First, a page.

Genomewide Association Studies: History, Rationale, and Prospects for Psychiatric Disorders

Sven Cichon, Nick Craddock, Mark Daly, Stephen V. Faraone, Pablo V. Gejman, John Kelsoe, Thomas Lehner, Douglas F. Levinson, Audra Moran, Pamela Sklar, Patrick F. Sullivan, Richard Anney, Michael Gill, Aiden Corvin, Jan Buitelaar, Barbara Franke, Josephine Elia, Hakon Hakonarson, Lindsey Kent, James McGoughSusan Smalley, Roel Ophoff, Eric Mick, Susan Santangelo, Manuel Ferreira, Shaun Purcell, Douglas Ruderfer, Jordan Smoller, Roy Perlis, Ben Neale, Jennifer Stone, Laura Nisenbaum, Anita Thapar, Valentina Moskvina, Peter Holmans, Mike O'Donovan, Michael Owen, Richard Todd, Alexandre Todorov, John Rice, Bernie Devlin, Dan Arking, Aravinda Chakravarti, James B. Potash, Ann Pulver, Joseph D. Buxbaum, Edwin Cook, Leena Peltonen, Jaana Suvisaari, Joseph Piven, Danyu Lin, Guy Rouleau, Phillip Awadalla, Gerard Schellenberg, Steve Scherer, James Sutcliffe, Peter Szatmari, Veronica Vieland, Ole A. Andreassen, Arnoldo Frigessi, Douglas Blackwood, Walter Muir, Michael Boehnke, Margit Burmeister, Matthew Flickinger, Weihua Guan, Jun Li, Laura Scott, Rene Breuer, Marcella Rietschel, Thomas Schulze, Tiffany Greenwood, Nicholas Schork, Hugh Gurling, Pierandrea Muglia, Ruchi Upmanyu, Federica Tozzi, Markus Noethen, Thomas Wienker, Michael Steffens, John Nurnberger, Kenneth Kendler, Brien Riley, Edwin van den Oord, Dorret Boomsma, Eco de Geus, Witte Hoogendijk, Brenda Penninx, A. H.M. Willemsen, Danielle Posthuma, William Coryell, Steve Hamilton, Stafam Kloiber, Susanne Lucae, Stephan Ripke, William B. Lawson, Cathryn Lewis, Peter McGuffin, Nick Martin, Naomi Wray, Patrick McGrath, Myrna M. Weissman, James Offord, William A. Scheftner, Susan Slager, Ayman Fanous, Christina Hultman, Sari Kivikko, Claudine Laurent, Todd Lencz, Anil Malhotra, Bryan Mowry, Elizabeth Holliday, Alan Sanders, Sibylle Schwab, Dieter Wildenaver, David St. Clair, Frank Dudbridge, Eve Pickering, Danielle Posthuma, Jonathan Sebat, Jung Ying Tzeng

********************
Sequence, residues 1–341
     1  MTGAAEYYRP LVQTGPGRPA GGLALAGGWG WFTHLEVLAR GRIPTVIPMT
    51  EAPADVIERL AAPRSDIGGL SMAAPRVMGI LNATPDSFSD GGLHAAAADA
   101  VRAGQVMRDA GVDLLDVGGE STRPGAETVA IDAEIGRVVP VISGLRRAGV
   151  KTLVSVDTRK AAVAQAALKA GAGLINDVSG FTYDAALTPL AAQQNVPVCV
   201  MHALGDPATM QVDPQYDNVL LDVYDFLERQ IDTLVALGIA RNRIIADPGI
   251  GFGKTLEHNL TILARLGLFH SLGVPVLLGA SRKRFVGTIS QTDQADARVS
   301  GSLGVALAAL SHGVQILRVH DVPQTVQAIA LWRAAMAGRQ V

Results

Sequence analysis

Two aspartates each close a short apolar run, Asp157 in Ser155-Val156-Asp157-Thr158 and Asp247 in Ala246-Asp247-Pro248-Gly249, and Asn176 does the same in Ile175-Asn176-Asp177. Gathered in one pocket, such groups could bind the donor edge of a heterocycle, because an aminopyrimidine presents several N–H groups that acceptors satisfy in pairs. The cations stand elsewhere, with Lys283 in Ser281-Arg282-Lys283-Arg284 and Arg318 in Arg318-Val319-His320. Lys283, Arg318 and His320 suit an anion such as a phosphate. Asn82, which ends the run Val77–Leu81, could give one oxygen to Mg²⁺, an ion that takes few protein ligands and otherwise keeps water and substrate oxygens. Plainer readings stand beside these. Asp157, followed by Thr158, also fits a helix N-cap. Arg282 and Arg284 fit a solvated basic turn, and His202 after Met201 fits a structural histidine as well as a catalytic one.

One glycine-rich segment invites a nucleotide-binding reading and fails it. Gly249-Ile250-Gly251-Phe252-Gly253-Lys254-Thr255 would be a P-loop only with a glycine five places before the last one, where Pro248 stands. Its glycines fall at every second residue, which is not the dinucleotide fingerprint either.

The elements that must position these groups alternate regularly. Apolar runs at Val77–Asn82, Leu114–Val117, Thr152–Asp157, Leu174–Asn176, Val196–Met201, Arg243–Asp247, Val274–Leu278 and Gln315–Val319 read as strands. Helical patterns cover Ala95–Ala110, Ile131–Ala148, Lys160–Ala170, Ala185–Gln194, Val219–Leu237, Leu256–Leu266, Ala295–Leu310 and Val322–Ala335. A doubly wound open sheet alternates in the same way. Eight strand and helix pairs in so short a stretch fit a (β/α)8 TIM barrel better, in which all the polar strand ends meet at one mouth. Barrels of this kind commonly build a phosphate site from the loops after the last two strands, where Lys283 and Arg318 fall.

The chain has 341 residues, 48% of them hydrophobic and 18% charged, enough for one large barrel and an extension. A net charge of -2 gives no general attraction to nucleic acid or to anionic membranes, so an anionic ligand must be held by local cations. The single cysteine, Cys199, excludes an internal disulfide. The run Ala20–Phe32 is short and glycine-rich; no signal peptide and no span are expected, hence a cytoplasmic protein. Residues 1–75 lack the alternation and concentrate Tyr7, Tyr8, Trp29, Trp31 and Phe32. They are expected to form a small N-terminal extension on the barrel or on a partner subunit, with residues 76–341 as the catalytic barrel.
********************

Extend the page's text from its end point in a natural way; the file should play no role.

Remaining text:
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Objective: The authors conducted a review of the history and empirical basis of genomewide association studies (GWAS), the rationale for GWAS of psychiatric disorders, results to date, limitations, and plans for GWAS meta-analyses. Method: A literature review was carried out, power and other issues discussed, and planned studies assessed. Results: Most of the genomic DNA sequence differences between any two people are common (frequency >5%) single nucleotide polymorphisms (SNPs). Because of localized patterns of correlation (linkage disequilibrium), 500,000 to 1,000,000 of these SNPs can test the hypothesis that one or more common variants explain part of the genetic risk for a disease. GWAS technologies can also detect some of the copy number variants (deletions and duplications) in the genome. Systematic study of rare variants will require large-scale resequencing analyses. GWAS methods have detected a remarkable number of robust genetic associations for dozens of common diseases and traits, leading to new pathophysiological hypotheses, although only small proportions of genetic variance have been explained thus far and therapeutic applications will require substantial further effort. Study design issues, power, and limitations are discussed. For psychiatric disorders, there are initial significant findings for common SNPs and for rare copy number variants, and many other studies are in progress. Conclusions: GWAS of large samples have detected associations of common SNPs and of rare copy number variants with psychiatric disorders. More findings are likely, since larger GWAS samples detect larger numbers of common susceptibility variants, with smaller effects. The Psychiatric GWAS Consortium is conducting GWAS meta-analyses for schizophrenia, bipolar disorder, major depressive disorder, autism, and attention deficit hyperactivity disorder. Based on results for other diseases, larger samples will be required. The contribution of GWAS will depend on the true genetic architecture of each disorder.

Original languageEnglish
Pages (from-to)540-556
Number of pages17
JournalAmerican Journal of Psychiatry
Issue number5
StatePublished - May 2009


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